Here he speaks of the Dispensation in our behalf. Tell me not of the bells, nor of the holy of holies, nor of the high priest. The Church is the pillar of the world. Consider this mystery, and thou mayest be struck with awe: for it is indeed “a great mystery,” and “a mystery of godliness,” and that “without controversy” or question, for it is beyond all doubt. Since in his directions to the Priests he had required nothing like what is found in Leviticus he refers the whole matter to Another, saying, “God was manifest in the flesh.” The Creator was seen incarnate. “He was justified in the Spirit.” As it is said, “Wisdom is justified of her children,” or because He practiced no guile, as the Prophet says, “Because he had done no violence, neither was guile found in his mouth.” (Isa. liii. 9; 1 Pet. ii. 22.) “Seen of Angels.” So that Angels together with us saw the Son of God, not having before seen Him. Great, truly great, was this mystery! “Preached unto the Gentiles, believed on in the world.” He was heard of and believed in through all parts of the world, as the Prophet foreshowed, saying, “Their sound is gone out into all the world.” (Ps. xix. 4.) Think not that these things are mere words, for they are not, but full of hidden realities. “Received up into glory.” He ascended upon clouds. “This Jesus,” it is said, “Who is taken up from you, shall so come in like manner as ye have seen Him go into heaven.” (Acts i. 11.)
The discretion of the blessed Paul is observable. When he would exhort the Deacons to avoid excess in wine, he does not say, “Be not drunken,” but “not” even “given to much wine.” A proper caution; for if those who served in the Temple did not taste wine at all, much more should not these. For wine produces disorder of mind, and where it does not cause drunkenness, it destroys the energies and relaxes the firmness of the soul.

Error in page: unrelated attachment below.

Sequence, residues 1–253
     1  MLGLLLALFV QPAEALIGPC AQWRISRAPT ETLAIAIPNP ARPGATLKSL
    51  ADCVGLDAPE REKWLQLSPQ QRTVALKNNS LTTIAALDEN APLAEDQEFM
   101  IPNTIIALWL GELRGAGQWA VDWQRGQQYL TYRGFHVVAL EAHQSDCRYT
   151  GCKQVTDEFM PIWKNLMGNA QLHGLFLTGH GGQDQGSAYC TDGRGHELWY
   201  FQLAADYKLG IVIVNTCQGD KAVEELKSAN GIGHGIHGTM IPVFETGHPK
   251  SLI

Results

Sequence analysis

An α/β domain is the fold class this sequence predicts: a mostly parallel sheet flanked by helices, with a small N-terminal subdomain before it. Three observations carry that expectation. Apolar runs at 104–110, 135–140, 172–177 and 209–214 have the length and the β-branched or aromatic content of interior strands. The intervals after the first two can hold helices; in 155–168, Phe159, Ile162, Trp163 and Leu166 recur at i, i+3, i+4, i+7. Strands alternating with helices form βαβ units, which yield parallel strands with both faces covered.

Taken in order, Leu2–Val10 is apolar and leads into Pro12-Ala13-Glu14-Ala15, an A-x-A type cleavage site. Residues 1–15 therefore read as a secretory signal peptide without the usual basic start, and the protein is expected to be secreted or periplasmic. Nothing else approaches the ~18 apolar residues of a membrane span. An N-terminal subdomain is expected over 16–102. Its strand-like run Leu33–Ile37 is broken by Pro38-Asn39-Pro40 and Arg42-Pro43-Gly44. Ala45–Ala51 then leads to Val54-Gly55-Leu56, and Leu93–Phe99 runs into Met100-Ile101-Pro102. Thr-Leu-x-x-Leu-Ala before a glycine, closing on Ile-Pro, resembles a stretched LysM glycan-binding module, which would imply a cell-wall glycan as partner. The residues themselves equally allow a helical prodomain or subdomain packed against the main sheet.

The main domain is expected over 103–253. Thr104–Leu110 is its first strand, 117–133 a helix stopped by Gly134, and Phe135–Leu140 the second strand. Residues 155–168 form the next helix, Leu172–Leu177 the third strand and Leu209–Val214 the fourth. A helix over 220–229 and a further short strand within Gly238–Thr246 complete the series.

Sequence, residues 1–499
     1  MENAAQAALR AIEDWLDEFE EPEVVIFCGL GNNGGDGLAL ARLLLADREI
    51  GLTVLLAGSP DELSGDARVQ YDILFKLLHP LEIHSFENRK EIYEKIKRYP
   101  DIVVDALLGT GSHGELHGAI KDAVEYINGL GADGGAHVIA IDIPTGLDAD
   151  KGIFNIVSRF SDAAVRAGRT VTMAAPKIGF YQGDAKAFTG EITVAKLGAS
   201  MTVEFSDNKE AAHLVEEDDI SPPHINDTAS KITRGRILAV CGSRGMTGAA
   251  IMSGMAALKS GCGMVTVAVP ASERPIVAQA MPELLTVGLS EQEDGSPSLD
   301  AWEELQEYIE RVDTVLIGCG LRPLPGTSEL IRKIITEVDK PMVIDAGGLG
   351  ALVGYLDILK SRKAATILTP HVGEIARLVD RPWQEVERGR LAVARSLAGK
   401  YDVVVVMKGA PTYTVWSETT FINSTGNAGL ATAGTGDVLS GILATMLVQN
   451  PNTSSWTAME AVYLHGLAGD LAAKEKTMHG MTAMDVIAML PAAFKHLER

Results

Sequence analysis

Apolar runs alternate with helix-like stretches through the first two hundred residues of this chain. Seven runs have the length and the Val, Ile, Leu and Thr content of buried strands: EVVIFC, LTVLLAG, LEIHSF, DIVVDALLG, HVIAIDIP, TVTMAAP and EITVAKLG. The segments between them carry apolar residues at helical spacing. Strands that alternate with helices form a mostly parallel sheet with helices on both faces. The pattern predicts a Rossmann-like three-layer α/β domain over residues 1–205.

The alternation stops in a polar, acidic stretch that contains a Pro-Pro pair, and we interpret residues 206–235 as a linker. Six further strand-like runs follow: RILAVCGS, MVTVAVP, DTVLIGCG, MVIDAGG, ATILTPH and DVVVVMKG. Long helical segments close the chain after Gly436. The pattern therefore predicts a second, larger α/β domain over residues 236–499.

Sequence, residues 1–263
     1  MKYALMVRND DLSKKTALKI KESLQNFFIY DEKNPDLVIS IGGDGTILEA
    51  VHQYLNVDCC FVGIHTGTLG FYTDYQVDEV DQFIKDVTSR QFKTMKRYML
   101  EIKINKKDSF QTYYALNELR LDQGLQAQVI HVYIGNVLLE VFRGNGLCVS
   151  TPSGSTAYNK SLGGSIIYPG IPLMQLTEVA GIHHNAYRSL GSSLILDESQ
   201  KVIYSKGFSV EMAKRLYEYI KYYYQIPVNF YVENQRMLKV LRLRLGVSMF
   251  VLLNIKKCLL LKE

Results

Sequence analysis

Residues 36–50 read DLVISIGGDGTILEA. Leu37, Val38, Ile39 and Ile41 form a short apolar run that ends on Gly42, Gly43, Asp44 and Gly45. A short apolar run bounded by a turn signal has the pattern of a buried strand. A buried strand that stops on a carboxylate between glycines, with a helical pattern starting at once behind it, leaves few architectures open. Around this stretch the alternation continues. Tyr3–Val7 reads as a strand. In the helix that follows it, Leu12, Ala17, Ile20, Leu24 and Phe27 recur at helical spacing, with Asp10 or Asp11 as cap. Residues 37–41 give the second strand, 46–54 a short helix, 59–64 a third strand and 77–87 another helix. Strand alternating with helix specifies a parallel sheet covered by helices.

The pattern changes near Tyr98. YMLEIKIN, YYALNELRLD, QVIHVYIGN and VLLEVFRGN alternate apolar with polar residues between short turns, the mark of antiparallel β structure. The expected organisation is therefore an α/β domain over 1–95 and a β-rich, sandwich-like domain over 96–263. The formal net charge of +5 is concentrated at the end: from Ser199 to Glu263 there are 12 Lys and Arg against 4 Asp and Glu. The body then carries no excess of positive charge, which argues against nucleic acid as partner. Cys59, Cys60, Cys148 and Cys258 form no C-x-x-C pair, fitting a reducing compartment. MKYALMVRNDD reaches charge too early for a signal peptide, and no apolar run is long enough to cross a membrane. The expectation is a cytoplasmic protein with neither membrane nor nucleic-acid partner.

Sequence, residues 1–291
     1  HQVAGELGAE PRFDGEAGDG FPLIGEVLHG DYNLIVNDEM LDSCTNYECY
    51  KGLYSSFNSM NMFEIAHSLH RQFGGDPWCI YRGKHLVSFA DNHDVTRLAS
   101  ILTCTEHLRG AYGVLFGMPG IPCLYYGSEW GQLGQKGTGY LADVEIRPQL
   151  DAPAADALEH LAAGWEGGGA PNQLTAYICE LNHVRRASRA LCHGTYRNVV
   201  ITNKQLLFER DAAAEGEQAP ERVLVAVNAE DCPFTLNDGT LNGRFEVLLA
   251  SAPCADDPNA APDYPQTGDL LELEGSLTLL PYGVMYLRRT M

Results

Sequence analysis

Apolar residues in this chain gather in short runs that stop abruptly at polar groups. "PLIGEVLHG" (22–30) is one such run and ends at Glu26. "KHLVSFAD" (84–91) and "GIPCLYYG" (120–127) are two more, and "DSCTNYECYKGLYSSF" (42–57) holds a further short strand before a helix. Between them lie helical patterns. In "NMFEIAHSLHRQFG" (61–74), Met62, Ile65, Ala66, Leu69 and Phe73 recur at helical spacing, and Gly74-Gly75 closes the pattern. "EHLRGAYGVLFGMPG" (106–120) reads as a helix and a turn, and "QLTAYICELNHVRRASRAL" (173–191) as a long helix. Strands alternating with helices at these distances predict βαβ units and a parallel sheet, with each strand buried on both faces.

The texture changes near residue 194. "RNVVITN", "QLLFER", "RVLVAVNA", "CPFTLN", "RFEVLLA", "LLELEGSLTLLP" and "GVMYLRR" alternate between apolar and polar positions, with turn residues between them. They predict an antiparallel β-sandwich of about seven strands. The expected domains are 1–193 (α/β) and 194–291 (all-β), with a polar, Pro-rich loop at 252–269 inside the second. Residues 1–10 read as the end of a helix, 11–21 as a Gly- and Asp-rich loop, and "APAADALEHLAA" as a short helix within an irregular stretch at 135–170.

The dispensation in our behalf he calls a “mystery,” and well may it be so called, since it is not manifest to all, nay, it was not manifest to the Angels, for how could it, when it was “made known by the Church”? (Eph. iii. 10.) Therefore he says, “without controversy great is the mystery.” Great indeed was it. For God became Man, and Man became God. A Man was seen without sin! A Man was received up, was preached in the world! Together with us the Angels saw Him. This is indeed a mystery! Let us not then expose1208
Moral. In keeping this mystery, then, let us be faithful to our trust. So great a mystery has He intrusted to us, and we do not trust Him even with our money, though He has bid us lay up our wealth with Him, where none can take it away, neither can moth nor thief waste it. And He promises to pay us a hundred-fold, yet we obey Him not. Yet here if we intrust any with a deposit, we receive nothing back in addition, but are thankful if that is restored which we deposited. If a thief steals it there, He saith, set that to My account; I say not to thee, a thief has taken it, or moth devoured it. He repays a hundred-fold here, and eternal life is superadded hereafter, yet do we not lay up our treasure there! “But,” you say, “He repays slowly.” Well this too is a proof of the greatness of His gift, that He does not repay here in this mortal life; or rather He does repay even here a hundred-fold. For did not Paul leave here his tools,1210